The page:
Why the Waterfront Will Change Everything
In our life, we've used the word "transformative" three times. To describe the Internet, Mad Men, and Nutella. Yet, in one morning last week, at our Future of the Waterfront event, panelists couldn't get enough of it.
Urban Visions CEO Greg Smith says the transformation of Downtown Seattle hasn’t really even started yet: “It’s a giant canvass ready to rock ’n’ roll. The Alaskan Way Viaduct coming down, the new transit infrastructure, the convention center expansion, Amazon’s new campus—are still in process.” The changes are happening just in time to give Seattle a critical competitive edge in employee recruitment. (Remember when just saying "Home of Macklemore" was enough to get employee's attention?) Ten years ago, he adds, the zoning wasn’t there to do the development in South Seattle, but now it’s in place—and it’s going to encourage growth like South of Market in San Fran.
Hudson Pacific Properties SVP-Pacific Northwest Drew Gordon, whose company holds a Pioneer Square portfolio, says it’s a neighborhood whose time has come. He compares the removal of the viaduct to the removal of Embarcadero Freeway in San Francisco, which was a major step in the reconnection between a downtown and its waterfront. Planners in Seattle have learned from that. Drew also says that the nexus of public transportation is one of the strongest aspects of Pioneer Square.
Unico Properties VP Andrew Cox sees the waterfront as a secular movement, and his company’s tried to be an early advocate for the change. There’s going to be tremendous growth in Pioneer Square, he predicts, including new retail and restaurants, now that all the elements are in place to promote such growth, including zoning. He cites 200 Occidental as a transformative development.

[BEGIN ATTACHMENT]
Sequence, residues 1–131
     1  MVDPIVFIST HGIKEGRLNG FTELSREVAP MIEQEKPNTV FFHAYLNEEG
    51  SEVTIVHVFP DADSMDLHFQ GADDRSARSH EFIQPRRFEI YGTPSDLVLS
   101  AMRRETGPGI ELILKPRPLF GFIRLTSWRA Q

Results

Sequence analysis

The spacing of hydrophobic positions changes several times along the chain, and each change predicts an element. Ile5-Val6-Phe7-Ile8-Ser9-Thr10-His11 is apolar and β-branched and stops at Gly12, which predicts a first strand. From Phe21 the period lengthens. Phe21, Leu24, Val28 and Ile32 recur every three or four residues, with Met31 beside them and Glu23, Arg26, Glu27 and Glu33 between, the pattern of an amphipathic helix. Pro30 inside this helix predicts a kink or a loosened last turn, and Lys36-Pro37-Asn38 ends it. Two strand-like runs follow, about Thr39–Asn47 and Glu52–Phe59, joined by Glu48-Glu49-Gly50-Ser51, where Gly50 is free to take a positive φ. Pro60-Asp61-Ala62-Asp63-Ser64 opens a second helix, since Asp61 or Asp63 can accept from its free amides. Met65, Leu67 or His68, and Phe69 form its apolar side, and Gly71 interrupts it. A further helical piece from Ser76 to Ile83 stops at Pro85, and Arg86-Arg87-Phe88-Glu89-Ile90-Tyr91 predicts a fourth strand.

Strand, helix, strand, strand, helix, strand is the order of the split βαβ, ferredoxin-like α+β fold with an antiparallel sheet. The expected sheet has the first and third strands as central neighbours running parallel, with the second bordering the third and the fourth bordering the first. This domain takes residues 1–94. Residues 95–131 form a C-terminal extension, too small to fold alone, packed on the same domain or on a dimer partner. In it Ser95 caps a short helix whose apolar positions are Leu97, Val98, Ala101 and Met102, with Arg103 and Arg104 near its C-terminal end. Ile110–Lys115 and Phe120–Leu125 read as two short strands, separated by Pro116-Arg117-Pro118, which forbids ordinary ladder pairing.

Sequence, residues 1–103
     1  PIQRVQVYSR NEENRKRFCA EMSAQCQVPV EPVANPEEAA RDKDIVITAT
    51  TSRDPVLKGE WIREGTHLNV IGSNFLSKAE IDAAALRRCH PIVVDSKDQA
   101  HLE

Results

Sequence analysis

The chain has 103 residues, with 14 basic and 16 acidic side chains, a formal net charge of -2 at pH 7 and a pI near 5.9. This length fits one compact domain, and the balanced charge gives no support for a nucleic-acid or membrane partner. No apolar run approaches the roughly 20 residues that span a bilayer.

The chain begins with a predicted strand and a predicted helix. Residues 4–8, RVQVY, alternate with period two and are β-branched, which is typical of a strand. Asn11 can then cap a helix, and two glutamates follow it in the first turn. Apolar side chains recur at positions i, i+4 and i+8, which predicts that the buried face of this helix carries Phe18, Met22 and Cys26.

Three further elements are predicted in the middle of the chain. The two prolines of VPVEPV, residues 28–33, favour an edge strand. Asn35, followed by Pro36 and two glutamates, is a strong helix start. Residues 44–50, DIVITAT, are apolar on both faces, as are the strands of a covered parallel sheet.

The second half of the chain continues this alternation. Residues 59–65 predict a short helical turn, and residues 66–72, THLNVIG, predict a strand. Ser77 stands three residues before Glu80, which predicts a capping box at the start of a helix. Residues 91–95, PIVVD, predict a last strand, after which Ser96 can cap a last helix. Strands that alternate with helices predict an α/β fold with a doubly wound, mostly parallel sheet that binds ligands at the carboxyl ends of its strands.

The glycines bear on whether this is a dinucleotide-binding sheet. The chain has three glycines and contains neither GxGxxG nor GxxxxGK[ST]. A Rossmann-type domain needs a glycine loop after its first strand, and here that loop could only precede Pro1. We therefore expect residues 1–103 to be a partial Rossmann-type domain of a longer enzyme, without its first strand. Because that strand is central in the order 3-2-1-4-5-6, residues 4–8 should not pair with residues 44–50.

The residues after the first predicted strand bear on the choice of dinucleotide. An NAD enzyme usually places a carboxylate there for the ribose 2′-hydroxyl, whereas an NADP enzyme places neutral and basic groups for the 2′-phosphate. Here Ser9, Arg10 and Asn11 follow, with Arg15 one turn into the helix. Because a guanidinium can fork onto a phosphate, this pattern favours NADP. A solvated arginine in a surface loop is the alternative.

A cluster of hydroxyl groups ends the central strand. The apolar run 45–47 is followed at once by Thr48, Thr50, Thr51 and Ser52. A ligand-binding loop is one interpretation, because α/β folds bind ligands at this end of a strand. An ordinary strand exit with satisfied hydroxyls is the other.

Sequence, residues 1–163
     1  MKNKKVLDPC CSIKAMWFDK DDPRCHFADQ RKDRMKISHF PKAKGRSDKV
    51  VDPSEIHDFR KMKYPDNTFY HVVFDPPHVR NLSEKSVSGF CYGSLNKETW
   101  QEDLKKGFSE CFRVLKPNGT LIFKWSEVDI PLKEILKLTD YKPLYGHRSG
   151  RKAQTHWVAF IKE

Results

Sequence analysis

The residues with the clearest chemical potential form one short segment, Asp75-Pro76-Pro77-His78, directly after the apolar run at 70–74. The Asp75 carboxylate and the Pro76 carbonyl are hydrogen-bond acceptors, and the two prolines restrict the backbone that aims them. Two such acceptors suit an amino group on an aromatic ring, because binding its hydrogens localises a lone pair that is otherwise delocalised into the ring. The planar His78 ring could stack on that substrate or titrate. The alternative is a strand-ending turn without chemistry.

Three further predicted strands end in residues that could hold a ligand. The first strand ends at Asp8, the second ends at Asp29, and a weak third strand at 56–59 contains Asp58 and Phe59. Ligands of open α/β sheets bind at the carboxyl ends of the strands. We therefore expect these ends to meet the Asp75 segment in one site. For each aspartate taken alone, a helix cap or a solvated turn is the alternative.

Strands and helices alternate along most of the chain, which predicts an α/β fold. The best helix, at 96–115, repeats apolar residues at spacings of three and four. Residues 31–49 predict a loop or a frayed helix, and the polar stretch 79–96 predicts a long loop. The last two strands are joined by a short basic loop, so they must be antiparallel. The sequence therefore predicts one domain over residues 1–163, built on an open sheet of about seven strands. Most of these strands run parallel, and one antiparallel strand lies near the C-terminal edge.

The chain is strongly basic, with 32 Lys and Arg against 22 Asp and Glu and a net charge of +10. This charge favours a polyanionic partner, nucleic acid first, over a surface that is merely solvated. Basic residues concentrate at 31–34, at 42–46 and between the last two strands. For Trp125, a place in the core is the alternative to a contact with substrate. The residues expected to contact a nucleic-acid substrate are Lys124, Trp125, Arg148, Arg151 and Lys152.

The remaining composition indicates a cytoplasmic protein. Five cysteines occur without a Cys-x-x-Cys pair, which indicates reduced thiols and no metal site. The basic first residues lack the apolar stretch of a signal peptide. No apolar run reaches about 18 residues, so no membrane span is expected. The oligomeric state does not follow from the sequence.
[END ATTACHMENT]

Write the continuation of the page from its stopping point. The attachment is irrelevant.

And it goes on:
Callison principal Michael Lee, whose firm specializes in designing mixed-use developments, says the removal of the viaduct will offer tremendous redevelopment opportunities, but the process won’t be simple. “Historically, the buildings had their backs to the waterfront,” he says, and so the design challenge is, how do you repurpose those sides once the viaduct is gone? (Will those sides of the building still have to maintain their beach bods?) Still, the structures all have rich characters, and whatever the ingenuity required, it’ll be worth the effort.
Seattle real estate mogul Martin Selig was on hand for a few informal (and contrarian) comments about the viaduct to the crowd of 350 at the Four Seasons. Maybe, he suggests, there could be an alternative to tearing it down. “My thought is to create a High Line out of the viaduct—all of a sudden you have a park stretching along the waterfront that people could take advantage of,” he says. The financing would be easy, he adds—if there’s money to take the viaduct down, there’s money to renovate it.
Schwabe Williamson & Wyatt shareholder Larry Costich, a real estate and land-use attorney, was one of our moderators. Before practicing law, Larry worked as a civil and environmental consulting engineer. He called the redevelopment of the waterfront not only a transformative event for Downtown—and Pioneer Square and South Seattle—but for the entire metro area.